You might remember that late last year the State Department ordered a thorough review of its J-1 Summer Work Travel program. An Associated Press investigation had shown that some businesses have exploited students on J-1 visas, and this past summer the New York Times followed the story of J-1 workers at a Hershey warehouse who walked off the job to protest their working conditions.
Well, according to the AP, the State Department is about to announce some big changes in the program.
Reporter Holbrook Mohr quotes an internal State Department memo as saying:
Some of the most significant changes would be to ban jobs in factories, warehouses and other places like seafood packing plants. The agency also plans on “re-emphasizing the adult entertainment industry prohibition by specifically prohibiting jobs with escort services, adult book/video stores, massage parlors, and strip clubs.”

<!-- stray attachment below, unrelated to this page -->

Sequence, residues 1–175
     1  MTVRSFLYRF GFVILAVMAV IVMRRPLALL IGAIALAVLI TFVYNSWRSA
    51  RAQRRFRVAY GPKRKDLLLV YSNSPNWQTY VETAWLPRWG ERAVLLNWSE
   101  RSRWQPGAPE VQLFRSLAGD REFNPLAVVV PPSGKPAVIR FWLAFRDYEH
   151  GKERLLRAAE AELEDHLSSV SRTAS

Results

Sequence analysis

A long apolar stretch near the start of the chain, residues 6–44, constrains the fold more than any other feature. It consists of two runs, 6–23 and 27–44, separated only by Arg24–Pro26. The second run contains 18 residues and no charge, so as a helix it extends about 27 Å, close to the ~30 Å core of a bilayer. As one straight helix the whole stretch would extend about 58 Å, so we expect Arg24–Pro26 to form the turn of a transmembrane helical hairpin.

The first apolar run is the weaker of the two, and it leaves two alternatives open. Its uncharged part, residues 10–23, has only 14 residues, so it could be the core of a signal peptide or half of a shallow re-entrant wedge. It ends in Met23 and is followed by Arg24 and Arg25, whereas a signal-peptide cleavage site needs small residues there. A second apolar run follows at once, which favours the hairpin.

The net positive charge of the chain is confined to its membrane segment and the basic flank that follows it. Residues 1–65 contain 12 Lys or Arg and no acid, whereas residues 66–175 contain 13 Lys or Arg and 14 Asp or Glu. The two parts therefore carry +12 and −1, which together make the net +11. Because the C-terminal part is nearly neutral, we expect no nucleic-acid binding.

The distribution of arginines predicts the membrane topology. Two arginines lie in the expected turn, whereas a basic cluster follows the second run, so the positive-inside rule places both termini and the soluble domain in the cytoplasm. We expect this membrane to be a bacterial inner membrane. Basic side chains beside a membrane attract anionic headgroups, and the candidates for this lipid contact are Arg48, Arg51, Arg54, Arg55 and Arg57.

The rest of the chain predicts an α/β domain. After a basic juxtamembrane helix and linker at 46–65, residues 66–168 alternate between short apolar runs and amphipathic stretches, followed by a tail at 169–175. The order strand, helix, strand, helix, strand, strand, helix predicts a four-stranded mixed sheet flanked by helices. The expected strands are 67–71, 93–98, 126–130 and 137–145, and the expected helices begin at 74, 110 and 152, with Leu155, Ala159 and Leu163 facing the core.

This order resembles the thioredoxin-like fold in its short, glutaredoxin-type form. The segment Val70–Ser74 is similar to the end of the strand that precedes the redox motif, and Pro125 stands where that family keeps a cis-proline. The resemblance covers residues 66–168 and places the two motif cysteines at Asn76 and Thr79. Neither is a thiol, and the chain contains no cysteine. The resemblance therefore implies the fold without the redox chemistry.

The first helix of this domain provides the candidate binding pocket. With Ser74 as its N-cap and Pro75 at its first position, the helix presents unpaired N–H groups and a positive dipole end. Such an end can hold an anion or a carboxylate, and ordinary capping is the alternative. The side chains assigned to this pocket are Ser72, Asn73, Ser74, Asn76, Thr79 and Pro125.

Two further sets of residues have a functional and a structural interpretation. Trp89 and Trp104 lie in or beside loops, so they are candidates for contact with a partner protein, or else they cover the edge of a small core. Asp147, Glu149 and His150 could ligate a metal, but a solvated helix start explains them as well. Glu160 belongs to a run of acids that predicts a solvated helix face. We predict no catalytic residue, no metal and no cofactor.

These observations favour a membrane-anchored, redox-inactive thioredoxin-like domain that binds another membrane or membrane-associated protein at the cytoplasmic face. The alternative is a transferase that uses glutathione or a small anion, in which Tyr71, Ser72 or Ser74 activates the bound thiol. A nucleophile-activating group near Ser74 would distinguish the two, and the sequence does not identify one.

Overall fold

It would require sponsors to “use particular prudence and caution when dealing with jobs that offer legitimate employment but also have been known to be associated with human trafficking, such as janitorial service, housekeeping and modeling agencies.”
The New York Times also reported that the company responsible for placing students at the Hershey warehouse has now been banned from sponsoring J-1 exchanges.
Mr. Ruth [Rick Ruth, acting deputy assistant secretary of state] said the department had decided to ban Cetusa, a measure that took effect on Monday, after the five-month investigation revealed a “scope and severity and pattern of noncompliance.” The lapses he cited echoed the complaints of the foreign students at the plant in Palmyra, Pa., who found themselves forced to work grueling night shifts lifting heavy boxes of Hershey’s candies for take-home pay so low they sometimes went hungry.
State Department officials found “an almost complete lack of cultural activities” for the students sent by Cetusa to the plant, and a “laxness” about their health and safety. The strains of the packing jobs and injuries that resulted were ignored by the company, officials said.
The full announcement of changes in the program is expected to be made public in March, so stay tuned.
Meantime, you can read about what may be a more typical J-1 experience in our previous article, The Ups and Downs of Summer Work Travel.